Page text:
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 Programming with the Vehicle Intelligence Platform

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Join date : 2012-04-28

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PostSubject: Programming with the Vehicle Intelligence Platform    Programming with the Vehicle Intelligence Platform  I_icon_minitimeFri Oct 01, 2021 5:31 pm

GM’s new Vehicle Intelligence Platform, or VIP, currently used on 2020-2022 Corvette, CT4, CT5 and 2021-2022 Tahoe, Suburban, Yukon, Escalade and Envision models, offers increased capacity and the ability to better manage technology complexity.

With a fivefold increase in system capacity and responsiveness over the current Global A system, the next-generation VIP electrical architecture offers the capability of managing over 100 computer modules. It’s able to support active safety systems, Over-the-Air (OTA) vehicle software updates, 5G networks, enhanced cybersecurity protections and EV technologies.

The VIP electrical architecture includes two-wire CAN buses and two-wire Ethernet buses to ensure high speed data transfer and multiple single-wire LIN buses to exchange information between master control modules and other smart devices. Low speed General Motors Local Area Network (GMLAN) networks are no longer used in VIP vehicles.

CAN Protocol

The VIP architecture communication protocol is based on the widely used CAN (Controller Area Network) protocol. CAN buses are used where data needs to be exchanged at a high rate, primarily by a control device using the information to adjust a vehicle system, such as powertrain or body controls. Each CAN data network consists of two twisted wires, called CAN (+) and CAN (-), with a 120 ohm (Ω) termination resistor at each end of the bus between the CAN (+) and CAN (-) circuits.

Ethernet data communication technology uses a single twisted copper pair of wires at speeds of 100 Mbit/s and 1000 Mbit/s. The Ethernet system uses point-to-point communication that is connected via an Ethernet switch [Module <–> Switch <–> Module]. The Ethernet bus does not use terminating resistors.

The K56 Serial Data Gateway Module and the A11 Radio have an Ethernet switch that connects to other Ethernet modules. These modules communicate with other devices and systems in the vehicle via CAN and LIN buses. DTCs will be read on CAN to diagnose Ethernet, LIN, and system faults.

Any Ethernet harness failures should be repaired only using the appropriate kit to perform de-pin/re-pin overlays. In cases where the wiring harness repair kits are not available, the entire harness should be replaced. No crimps or splicing should be performed on the Ethernet wiring harness.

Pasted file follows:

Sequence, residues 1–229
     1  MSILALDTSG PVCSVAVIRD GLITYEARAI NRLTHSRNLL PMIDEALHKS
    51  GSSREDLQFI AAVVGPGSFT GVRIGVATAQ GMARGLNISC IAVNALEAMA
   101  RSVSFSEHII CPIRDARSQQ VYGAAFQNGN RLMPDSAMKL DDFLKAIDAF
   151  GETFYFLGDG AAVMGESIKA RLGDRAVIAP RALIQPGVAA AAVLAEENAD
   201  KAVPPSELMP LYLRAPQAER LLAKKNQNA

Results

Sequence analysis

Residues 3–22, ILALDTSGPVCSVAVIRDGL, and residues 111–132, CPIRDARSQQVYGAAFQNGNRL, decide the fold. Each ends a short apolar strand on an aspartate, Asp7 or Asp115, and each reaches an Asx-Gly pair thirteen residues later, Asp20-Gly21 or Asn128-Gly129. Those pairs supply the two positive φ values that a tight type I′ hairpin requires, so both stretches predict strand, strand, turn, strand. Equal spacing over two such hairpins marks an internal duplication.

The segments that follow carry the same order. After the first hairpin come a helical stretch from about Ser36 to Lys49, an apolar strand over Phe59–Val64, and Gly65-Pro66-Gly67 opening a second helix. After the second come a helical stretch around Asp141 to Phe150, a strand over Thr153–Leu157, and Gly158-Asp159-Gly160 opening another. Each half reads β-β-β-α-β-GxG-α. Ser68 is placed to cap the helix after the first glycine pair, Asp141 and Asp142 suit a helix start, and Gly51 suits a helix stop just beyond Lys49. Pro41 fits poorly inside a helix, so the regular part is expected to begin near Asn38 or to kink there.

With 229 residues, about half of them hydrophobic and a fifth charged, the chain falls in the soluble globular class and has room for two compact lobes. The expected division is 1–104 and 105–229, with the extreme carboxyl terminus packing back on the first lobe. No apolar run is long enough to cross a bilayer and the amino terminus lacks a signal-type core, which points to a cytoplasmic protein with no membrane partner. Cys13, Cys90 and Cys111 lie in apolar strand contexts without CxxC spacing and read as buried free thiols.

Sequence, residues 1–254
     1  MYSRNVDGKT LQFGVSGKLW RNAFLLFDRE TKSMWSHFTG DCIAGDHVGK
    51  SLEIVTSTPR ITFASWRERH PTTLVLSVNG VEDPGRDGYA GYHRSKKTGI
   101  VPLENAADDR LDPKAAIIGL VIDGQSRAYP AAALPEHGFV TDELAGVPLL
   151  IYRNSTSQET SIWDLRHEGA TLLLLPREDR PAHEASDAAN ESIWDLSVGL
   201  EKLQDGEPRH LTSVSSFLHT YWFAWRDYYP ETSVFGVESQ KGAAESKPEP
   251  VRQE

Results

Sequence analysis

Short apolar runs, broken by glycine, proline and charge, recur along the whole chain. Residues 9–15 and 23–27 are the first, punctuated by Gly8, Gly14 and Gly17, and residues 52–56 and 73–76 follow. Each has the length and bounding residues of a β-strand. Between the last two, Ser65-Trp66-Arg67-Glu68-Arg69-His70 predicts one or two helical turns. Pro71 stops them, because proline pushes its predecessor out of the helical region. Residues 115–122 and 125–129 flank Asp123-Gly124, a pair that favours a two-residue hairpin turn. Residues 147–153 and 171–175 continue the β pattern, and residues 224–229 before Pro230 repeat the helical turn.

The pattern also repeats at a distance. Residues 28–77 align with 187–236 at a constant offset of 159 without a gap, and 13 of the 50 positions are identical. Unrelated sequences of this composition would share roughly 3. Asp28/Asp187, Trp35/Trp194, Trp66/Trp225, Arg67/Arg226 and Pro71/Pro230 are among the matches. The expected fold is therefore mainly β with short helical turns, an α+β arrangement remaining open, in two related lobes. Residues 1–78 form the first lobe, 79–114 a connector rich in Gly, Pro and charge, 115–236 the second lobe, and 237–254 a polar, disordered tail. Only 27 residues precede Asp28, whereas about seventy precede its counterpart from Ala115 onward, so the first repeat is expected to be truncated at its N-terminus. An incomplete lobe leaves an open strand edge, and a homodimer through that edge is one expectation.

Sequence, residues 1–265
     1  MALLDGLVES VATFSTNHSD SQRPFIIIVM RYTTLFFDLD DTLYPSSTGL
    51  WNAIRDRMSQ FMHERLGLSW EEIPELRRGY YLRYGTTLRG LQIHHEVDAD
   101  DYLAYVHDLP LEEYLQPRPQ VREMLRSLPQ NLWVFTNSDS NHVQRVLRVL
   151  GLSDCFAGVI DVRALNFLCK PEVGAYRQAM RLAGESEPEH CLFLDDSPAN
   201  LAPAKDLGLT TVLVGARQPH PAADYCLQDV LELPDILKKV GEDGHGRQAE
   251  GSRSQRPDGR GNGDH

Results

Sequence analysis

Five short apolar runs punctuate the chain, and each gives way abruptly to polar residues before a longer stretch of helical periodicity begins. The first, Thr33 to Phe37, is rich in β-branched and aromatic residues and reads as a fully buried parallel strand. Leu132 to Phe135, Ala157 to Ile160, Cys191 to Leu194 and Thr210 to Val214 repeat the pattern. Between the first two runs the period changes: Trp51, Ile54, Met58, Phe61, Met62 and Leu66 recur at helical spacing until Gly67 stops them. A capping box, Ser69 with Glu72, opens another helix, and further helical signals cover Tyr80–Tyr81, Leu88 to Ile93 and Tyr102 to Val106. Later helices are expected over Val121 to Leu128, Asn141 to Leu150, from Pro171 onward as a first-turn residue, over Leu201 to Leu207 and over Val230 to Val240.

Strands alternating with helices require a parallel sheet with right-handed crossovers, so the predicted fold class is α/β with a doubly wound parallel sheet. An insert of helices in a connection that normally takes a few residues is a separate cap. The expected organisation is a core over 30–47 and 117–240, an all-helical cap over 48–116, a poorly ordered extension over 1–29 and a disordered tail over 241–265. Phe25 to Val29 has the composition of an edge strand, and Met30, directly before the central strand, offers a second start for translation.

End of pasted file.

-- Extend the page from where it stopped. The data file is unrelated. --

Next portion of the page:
Serial Data Gateway

To signal any loss of communication and set DTCs, the K56 Serial Data Gateway Module must know and learn the control modules on the vehicle and their associated buses. If the Serial Data Gateway Module is replaced or another module is added to the bus, such as a dealer-installed accessary, a learn process must be done using the Serial Data Gateway Module learn procedure in SPS.

The learn process will not cause any previously learned contents to be forgotten or overwritten. If the learn process is not completed on a new Serial Data Gateway Module, DTC U1977 (ECU Identification Self Learn Not Completed) will be set until the learn procedure is performed. If the learn process is invalid due to internal malfunction or a Serial Data Gateway Module swap, DTC U3000 42 (Control Module – General Memory Failure) or DTC U3002 56 (Vehicle Identification Number – Invalid/Incompatible Configuration) will be set. The Serial Data Gateway Module will then lose communication with all control modules and set DTCs against control modules not on the vehicle.

The Serial Data Gateway Module also functions as a gateway to isolate the secure networks on the vehicle from unsecured networks. Isolating primary networks helps ensure advanced driver assistance systems and active safety features, such as enhanced collision avoidance, can all operate in conjunction with each other. If harmful software enters the vehicle through the infotainment system, OnStar, or the DLC, other vehicle systems may be affected.

Power Moding

In the VIP architecture, the K9 Body Control Module (BCM) is the Power Mode Master (PMM) and the K56 Serial Data Gateway Module is the back-up PMM. There are five power modes: Off, Accessory, Run/Service Mode (Engine Off), Propulsion (Engine On), and Start. As the PMM, the BCM uses a number of vehicle states and inputs to determine which power mode is required. It reports this information to other modules via serial data.